JR Your original PhD thesis proposal argued for the existence of extraterrestrials. And now you’ve written two novels that are ghost stories. Do you believe in ghosts?
EK That was my undergraduate thesis, actually. Addressing ghosts is so much like speaking about God. I don’t have any final answer. Either you believe or not. I’m captivated by what can’t be validated. For philosophers, it provides space to speculate. For scholars, it grants space to investigate. And for writers, there’s space to write a novel. People hold onto feelings of fear, anxiety, and inquisitiveness toward anything that’s foreign and unknown. A ghost is a perfect phenomenon for humans.
JR Real or imagined, what do ghosts do?
EK They can build fear. Like a wave of reformation or revolution that dreads the conservatives, or a turnaround flow that frightens the bigots.
JR What do they do best?
EK Let us catch a glimpse of the vulnerability, foolishness, and ignorance unseen in our souls.
JR Was studying philosophy at university good writing practice?
EK Philosophy granted me discipline in reasoning, even if to the mildest level. So when I identify a challenging situation, I remember Descartes: Any crucial matter should be shattered into a few small matters—or into much smaller matters, to be resolved one by one. When I analyze how one incident conceives another, I need to recall Hegel. It helps me, this discipline.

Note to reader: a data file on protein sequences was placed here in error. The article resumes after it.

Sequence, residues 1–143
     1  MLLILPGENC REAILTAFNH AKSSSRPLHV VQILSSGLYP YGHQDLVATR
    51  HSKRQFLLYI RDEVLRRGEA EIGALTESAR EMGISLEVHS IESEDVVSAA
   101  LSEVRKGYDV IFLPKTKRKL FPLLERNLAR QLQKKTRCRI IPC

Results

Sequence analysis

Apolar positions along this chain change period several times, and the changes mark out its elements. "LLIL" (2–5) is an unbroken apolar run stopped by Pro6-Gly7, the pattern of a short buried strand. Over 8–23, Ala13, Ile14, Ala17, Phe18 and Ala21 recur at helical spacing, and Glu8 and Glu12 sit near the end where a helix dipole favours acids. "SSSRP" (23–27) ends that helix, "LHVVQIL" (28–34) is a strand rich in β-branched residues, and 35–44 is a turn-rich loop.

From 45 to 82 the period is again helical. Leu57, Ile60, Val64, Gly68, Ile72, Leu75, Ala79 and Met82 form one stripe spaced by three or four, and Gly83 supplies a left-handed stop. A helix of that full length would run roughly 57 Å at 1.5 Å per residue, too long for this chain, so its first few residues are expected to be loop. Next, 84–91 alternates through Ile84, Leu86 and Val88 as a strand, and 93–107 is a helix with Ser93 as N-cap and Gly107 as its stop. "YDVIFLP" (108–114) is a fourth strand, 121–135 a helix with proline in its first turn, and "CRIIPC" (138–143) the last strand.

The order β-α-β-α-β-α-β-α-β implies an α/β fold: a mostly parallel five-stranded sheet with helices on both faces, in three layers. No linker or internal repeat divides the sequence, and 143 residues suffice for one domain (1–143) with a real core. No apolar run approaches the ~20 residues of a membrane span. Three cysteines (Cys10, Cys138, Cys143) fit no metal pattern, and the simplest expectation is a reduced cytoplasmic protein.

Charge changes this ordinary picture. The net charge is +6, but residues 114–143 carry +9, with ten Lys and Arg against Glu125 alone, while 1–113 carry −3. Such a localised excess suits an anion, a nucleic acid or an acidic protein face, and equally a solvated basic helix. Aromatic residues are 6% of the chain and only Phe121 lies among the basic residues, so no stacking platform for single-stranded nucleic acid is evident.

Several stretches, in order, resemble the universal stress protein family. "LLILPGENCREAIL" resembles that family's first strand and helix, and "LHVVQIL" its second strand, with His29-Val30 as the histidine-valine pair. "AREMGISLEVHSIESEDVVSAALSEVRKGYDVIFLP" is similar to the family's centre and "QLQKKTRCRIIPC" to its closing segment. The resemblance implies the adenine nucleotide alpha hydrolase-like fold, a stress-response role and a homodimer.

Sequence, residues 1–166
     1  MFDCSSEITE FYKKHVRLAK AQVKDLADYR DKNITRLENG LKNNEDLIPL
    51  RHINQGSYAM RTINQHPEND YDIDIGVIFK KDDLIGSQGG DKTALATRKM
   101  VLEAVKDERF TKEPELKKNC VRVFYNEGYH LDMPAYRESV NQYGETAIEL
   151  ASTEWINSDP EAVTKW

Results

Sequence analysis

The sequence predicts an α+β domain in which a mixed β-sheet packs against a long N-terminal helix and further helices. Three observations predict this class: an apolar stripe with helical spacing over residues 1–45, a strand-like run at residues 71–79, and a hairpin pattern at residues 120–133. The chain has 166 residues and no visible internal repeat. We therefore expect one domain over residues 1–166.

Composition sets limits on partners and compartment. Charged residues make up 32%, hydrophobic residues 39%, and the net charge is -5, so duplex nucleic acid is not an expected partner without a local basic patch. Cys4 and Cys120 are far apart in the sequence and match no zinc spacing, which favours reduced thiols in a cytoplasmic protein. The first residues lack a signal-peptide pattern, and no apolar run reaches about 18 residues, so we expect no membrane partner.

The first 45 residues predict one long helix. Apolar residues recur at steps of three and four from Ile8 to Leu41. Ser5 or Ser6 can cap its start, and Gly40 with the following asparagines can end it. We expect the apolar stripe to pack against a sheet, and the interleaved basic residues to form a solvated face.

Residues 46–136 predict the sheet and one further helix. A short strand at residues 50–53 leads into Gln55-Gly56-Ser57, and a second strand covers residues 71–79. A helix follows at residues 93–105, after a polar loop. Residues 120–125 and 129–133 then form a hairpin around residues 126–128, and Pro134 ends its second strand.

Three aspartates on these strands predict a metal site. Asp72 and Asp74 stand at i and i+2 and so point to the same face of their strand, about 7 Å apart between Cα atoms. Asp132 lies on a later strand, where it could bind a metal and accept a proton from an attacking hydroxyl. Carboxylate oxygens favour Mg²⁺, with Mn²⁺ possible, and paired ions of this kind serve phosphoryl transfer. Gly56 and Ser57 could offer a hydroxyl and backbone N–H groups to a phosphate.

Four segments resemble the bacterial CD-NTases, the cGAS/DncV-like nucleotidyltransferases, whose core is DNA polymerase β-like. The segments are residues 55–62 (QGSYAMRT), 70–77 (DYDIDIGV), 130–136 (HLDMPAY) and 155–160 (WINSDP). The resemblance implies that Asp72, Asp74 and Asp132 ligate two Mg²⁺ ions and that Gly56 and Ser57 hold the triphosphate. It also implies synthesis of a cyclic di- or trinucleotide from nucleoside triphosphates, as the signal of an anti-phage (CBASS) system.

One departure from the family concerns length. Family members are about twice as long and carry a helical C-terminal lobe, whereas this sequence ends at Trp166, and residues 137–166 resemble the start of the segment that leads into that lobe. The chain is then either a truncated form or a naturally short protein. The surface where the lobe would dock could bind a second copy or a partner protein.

JR Your first language is Sundanese. But you write in Indonesian?
EK I learned to speak Sundanese and a bit of Javanese when I was little. I still speak those languages with my family, and occasionally with my childhood friends, but I’m not used to reading or writing with them. I studied Indonesian at school, like the majority of people here. Then I practiced it every day in conversation after I moved to Yogyakarta, where I met students who came from many provinces throughout the country and who spoke different languages, thus we were forced to use Indonesian. Adopting this language, I read books and anything else. So, I use it to write.
JR Indonesian was nationally instituted in 1945. It’s so young.
EK Indonesian is the greatest discovery for this nation, particularly for me. It was a minority language, but has turned into a tool to unify diverse languages and groups. We are now able to let go of our self-worshipping clans and adopt this. I have faith in the Indonesian language, politically and aesthetically.